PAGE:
Rachel Clay and her 'Blobs'

Rachel Clay and her 'Blobs'

Full of innovative and new perspectives on design, New Designers 2019 showcases the work of 3,000 graduates from across the country. Among these talented students is Rachel Clay, a graduate 3D designer-maker from Staffordshire University.

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Rachel investigated the idea of furniture with a formless flux, exploring the boundaries of design as manifested in her unusual ‘Blobs’.

She describes the pieces as “a family of structures that the user can perch on, rest on, congregate around or invent their own way of sitting”, leaving traditional ideas of furniture behind. The shapes present themselves as fun and playful regardless of whether they are being used for seating or not. This is evident in the woven cushioning which means you can stack them in any combination.

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The bright colour choices add to the intended light-hearted nature, owing themselves to laminate by Formica Group who sponsored Rachel throughout the design and production processes. Rachel expressed her gratitude on her Instagram page dedicated to her work by thanking the company: “A massive thank you @formicagroupeu. Having the support of companies as a lone student designer-maker makes it all the more possible to create what we want.”

The block colours of blues, reds, and yellows feel like they belong in a playground but by bringing this playfulness into contemporary design, the piece allows a release for the childish mind in a monochrome world.

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Nina Bailey, the UK design manager at Formica Group comments: “Rachel’s work shows a new and versatile way of using Formica® Laminate. It’s great to see the material being used by young designers and how our solid colours combine to create a fun bold palette.”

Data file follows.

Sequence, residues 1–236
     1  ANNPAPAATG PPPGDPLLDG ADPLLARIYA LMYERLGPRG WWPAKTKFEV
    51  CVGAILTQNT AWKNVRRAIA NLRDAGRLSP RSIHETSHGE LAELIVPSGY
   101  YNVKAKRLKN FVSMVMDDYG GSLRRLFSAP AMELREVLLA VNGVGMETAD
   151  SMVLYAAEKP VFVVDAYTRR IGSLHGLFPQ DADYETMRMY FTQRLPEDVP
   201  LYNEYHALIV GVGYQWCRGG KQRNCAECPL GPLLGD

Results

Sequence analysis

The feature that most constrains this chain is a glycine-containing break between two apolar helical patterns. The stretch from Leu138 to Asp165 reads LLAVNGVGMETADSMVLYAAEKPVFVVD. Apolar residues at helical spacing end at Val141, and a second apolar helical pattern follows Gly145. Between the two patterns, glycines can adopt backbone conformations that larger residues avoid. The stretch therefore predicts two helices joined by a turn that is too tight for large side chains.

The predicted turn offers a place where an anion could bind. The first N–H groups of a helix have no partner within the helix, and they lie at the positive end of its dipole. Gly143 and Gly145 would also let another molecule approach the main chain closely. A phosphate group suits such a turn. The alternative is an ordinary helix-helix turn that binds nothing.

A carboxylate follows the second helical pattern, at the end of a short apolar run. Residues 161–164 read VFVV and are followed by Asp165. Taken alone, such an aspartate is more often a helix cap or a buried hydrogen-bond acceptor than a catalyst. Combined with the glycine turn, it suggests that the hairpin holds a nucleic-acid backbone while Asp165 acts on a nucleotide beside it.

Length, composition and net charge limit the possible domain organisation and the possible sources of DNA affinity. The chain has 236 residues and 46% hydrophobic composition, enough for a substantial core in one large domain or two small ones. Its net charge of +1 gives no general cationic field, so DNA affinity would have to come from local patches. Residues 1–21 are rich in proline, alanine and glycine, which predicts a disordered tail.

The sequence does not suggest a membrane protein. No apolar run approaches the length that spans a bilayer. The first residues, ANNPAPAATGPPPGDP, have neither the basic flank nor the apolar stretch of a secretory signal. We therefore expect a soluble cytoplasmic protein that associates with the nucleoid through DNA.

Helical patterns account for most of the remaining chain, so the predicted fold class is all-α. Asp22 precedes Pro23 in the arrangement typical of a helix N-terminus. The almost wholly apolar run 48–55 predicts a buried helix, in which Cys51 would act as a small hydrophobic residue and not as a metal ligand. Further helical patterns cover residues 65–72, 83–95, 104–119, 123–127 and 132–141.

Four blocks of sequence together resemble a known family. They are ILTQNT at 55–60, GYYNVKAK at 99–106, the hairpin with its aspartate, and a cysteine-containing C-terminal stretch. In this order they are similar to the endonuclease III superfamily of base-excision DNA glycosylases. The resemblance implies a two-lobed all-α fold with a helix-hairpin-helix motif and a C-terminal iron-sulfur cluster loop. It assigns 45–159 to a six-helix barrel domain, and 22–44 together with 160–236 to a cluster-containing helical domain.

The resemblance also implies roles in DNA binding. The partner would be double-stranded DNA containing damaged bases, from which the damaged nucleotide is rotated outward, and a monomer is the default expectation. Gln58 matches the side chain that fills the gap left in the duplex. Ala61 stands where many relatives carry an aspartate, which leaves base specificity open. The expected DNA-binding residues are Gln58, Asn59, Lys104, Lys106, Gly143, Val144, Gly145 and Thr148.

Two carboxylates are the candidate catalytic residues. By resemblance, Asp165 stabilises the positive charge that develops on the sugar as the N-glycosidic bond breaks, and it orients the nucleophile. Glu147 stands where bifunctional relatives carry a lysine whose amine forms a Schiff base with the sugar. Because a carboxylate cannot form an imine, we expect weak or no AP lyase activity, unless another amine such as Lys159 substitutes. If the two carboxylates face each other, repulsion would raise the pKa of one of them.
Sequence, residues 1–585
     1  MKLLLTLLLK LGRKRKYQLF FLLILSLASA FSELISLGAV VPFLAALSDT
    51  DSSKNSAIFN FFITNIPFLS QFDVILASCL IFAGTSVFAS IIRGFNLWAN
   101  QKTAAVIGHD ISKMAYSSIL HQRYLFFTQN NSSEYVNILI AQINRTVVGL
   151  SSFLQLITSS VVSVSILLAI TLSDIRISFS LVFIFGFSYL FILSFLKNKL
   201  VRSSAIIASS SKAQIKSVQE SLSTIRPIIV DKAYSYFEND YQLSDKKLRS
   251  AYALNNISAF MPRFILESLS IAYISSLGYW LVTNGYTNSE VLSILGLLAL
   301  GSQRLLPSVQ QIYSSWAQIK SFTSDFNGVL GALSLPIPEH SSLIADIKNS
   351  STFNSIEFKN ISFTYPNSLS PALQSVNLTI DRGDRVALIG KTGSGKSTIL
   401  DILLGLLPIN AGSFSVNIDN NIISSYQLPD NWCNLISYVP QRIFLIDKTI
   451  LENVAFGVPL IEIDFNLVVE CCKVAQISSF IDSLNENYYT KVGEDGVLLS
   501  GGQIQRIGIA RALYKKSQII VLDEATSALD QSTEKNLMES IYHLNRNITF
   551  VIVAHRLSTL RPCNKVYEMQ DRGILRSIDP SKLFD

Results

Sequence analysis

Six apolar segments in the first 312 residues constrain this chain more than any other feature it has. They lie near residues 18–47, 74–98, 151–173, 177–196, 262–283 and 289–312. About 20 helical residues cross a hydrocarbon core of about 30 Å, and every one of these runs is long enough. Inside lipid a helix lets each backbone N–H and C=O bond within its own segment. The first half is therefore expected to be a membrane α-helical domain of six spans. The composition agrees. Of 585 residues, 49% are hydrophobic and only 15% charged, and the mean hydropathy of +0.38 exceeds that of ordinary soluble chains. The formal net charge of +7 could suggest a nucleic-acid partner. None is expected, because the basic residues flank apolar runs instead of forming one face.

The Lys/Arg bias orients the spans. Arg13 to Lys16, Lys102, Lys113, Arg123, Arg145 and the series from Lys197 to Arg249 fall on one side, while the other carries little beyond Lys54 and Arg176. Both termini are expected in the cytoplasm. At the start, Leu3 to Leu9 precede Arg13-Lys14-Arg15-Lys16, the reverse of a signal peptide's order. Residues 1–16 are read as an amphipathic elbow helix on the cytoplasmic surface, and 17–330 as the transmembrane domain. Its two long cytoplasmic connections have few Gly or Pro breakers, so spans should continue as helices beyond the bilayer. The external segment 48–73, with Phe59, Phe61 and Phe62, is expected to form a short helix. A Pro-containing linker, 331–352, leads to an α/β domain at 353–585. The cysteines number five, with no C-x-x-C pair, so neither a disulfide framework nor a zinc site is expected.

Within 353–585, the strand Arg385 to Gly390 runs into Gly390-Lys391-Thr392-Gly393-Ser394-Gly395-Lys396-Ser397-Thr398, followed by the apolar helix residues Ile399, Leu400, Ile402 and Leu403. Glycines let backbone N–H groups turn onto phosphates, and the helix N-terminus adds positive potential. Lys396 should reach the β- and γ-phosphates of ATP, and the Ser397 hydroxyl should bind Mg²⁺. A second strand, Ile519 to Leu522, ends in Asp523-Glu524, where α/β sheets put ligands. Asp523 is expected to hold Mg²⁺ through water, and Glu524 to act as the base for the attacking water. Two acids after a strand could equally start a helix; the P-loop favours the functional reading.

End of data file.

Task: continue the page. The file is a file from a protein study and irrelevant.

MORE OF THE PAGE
Nina continues: “Having met Rachel at New Designers, I got some great insight into her work and I particularly loved the way that the various elements of the seating and side tables stacked and interlocked to create an abstract interior installation when not in use… practical and beautiful.”

Rachel explains the idea as coming from “organic shapes”, finding that focusing on labels and the constraints of furniture felt static to her. Instead, she looked at shape and form and considered how these could then be turned into pieces of furniture, rather than the other way around.

A key aspect for Rachel is the versatility of the shapes, allowing the user to interact with the pieces in a way that is individual to them. While she remains unconvinced that her approach will result in the furniture of the future for the mass market, Rachel is certainly optimistic that others may be inspired to think outside the box.

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